One of the most challenging problems facing lexical semantics of old texts, like Old English homilies, is to explain how unspecified meanings are "controlled" allowing the proper senses to be selected and deployed to achieve successful goals. The term "underspecification" refers to "some feature value whose overt presence is required on the surface" but "is left underlyingly unspecified and must therefore be provided by a default mechanism" (Trask 1993: 291). The study of lexical underspecification not only sheds light on the semantic behaviour of polysemies by "unpacking" several senses for a single lexical item, it may enable this lexical item to be uniquely understood in the context and it may ultimately help us make suggestions about evolutionary semantic continuity of the word.
In this paper I examine a few lexical items used in Old English homilies and present a possible interpretation of the meanings of such words taking into account the context in which they are used, as well as the author's own explanatory exposition. The Old English words which have been analysed are: leorningcniht, apostol, arendraca, leornere, letanie, ele and prowend.
To those of us who remember Margaret Schlauch's brilliant lectures on medieval and renaissance English prose, always lucid and often witty, it seems astonishing that her trenchant observations made half a century ago are very seldom quoted nowadays. I was not her student but I remember her several books which I studied at that time and I certainly recall her lecture on Mary of Nijmeghen which she delivered in 1962 at the Jagiellonian University on the occasion of my doctoral defence. In this paper I should like to pay my attention to what Margaret Schlauch said about the work of one of the greatest, if not the greatest, Old English homilists, AElfric. When translating and/or adapting the Latin homiletic material he "applied much skill to the task", says Schlauch, "taking pains to simplify, explain and adapt the exposition to his audience" (1956: 92). Taking a few lexical items as examples I shall try to show how he did it, how he coped with alien concepts to make them understandable to his Anglo-Saxon listene rs and readers.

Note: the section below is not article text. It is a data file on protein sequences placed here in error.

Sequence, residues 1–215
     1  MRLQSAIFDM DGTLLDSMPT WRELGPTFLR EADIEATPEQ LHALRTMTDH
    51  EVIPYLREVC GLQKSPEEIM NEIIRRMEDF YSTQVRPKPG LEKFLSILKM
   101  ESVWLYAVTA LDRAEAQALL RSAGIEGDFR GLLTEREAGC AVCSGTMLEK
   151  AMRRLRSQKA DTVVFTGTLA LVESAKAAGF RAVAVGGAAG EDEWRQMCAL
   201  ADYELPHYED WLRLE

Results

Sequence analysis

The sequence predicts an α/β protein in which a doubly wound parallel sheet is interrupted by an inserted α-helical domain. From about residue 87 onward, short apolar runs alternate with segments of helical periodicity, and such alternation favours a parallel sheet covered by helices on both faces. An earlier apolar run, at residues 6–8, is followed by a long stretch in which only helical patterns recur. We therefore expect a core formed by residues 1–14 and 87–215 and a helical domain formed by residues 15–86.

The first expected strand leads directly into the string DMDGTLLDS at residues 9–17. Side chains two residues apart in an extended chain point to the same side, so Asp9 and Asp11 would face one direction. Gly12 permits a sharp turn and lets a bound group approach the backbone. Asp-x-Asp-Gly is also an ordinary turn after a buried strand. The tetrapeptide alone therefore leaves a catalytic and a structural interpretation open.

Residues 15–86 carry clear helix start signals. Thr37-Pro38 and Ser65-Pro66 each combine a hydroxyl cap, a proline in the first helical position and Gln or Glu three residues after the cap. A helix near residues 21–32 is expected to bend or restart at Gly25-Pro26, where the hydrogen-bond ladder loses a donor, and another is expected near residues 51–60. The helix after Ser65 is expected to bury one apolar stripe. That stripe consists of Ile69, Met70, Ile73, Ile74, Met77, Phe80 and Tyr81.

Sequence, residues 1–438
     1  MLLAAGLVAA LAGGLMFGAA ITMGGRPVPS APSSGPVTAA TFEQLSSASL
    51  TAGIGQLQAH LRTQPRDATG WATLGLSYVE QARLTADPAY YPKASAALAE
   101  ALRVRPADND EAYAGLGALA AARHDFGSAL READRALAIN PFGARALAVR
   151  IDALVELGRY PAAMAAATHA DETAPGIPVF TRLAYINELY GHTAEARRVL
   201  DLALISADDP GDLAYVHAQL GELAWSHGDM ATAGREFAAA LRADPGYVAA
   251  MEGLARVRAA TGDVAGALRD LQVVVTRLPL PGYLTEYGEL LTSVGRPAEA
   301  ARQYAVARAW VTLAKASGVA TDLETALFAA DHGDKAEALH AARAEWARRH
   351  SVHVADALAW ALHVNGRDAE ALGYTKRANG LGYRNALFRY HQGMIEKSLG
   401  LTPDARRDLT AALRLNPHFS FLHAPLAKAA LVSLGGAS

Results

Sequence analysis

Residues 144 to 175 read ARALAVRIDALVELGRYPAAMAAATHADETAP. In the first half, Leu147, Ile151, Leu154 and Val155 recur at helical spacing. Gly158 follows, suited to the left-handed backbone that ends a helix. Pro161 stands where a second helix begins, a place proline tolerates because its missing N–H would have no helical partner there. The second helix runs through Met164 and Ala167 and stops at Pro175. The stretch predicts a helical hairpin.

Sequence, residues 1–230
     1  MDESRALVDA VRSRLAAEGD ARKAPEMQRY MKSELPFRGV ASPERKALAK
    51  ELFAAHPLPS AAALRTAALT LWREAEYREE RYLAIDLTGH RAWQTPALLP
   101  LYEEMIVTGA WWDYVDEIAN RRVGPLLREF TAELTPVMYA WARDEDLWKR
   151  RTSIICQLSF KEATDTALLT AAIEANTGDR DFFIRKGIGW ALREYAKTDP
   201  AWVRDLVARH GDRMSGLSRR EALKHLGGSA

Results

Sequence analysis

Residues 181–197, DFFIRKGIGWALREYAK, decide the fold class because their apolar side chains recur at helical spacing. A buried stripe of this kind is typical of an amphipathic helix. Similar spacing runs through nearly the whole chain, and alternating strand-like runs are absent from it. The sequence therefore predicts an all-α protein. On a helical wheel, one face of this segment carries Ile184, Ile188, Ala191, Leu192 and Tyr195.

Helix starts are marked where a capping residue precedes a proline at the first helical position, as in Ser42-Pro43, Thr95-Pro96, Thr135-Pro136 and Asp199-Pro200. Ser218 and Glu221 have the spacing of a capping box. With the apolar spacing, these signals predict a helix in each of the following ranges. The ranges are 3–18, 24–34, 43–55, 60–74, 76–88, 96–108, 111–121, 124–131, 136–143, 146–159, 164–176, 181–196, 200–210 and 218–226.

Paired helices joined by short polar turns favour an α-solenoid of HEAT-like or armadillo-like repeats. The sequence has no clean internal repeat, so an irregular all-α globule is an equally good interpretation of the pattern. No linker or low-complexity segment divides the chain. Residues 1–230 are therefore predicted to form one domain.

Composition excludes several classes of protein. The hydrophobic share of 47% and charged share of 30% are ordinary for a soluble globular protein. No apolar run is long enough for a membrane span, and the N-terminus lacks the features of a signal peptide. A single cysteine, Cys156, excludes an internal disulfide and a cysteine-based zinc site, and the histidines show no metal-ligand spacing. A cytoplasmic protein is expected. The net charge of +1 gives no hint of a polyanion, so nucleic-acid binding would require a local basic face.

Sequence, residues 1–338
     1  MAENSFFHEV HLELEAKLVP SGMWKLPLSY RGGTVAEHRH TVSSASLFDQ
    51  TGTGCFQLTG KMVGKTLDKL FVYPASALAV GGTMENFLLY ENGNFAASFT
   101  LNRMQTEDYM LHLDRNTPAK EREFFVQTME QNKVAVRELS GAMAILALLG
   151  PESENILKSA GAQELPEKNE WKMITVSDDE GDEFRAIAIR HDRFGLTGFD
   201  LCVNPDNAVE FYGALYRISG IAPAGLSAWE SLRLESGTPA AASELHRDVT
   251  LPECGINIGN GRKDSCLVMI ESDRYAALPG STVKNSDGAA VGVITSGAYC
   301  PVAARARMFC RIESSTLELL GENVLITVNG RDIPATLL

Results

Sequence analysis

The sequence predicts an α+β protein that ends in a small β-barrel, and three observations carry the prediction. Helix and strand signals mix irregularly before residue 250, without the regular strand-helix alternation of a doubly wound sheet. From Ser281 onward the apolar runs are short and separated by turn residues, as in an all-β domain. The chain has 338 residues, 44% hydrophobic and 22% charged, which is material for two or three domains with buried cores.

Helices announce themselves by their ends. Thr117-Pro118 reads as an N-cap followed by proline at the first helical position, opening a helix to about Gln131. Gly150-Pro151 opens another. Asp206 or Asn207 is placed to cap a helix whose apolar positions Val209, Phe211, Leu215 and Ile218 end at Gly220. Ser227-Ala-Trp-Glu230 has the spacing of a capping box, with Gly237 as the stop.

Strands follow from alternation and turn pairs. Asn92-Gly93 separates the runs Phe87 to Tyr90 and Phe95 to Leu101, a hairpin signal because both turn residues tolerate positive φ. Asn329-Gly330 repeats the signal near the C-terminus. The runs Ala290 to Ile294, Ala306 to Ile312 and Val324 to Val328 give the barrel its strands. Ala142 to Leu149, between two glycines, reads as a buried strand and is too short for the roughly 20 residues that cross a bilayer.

Homilies, generally speaking, could be easily regarded as the domain of religious research: Latin in origin, cut off from laity, hidden behind the walls of medieval monasteries and cathedrals were worlds unto themselves. But they were written not only for the clergy and the clerical society among which the knowledge of Latin was poor, often practically nonexistent (cf. direct statements by homily writers, too well-known to repeat them here) but also "for the sake of the simple and unlearned listeners and readers" for whom the work was intended (Godden 1992: 521). Have a look at the example (1):
1) ic oas boc of ledenum gereorde to engliscre spraece awende. na ourh gebylde miceire lare. ac for oan oe ic geseah 7 gehyrde mycel gedwyld on manegum engliscum bocum. oe ungelaerde menn ourh heora bilewitnysse to miccium wisdome tealdon. 7 me ofhreow p hi ne cuoon ne naefdon oa godspellican lare on heora gewritum. buton oam mannum anum oe p leden cuoon.
(AElfric's Catholic Homilies I 174, 49-54)
'I translated this book from the Latin language to the English speech not because of the confidence in great knowledge but because I saw and heard great heresy in many English books which unlearned men in their simplicity ascribed to great wisdom and I felt sorry that they did not know, neither had they evangelical knowledge in their writings except for those men alone who knew Latin' [RN] (1)
As seen, AElfric's concern about the right religious background of the laity and his care to expose to them moral, ethical and philosophical views of the new Christian faith in an acceptable way to be emotionally relevant and cognitively understandable was one of his crucial aims in adapting the Latin sermons; for that very reason they are of significantly special interest for a historical linguist. …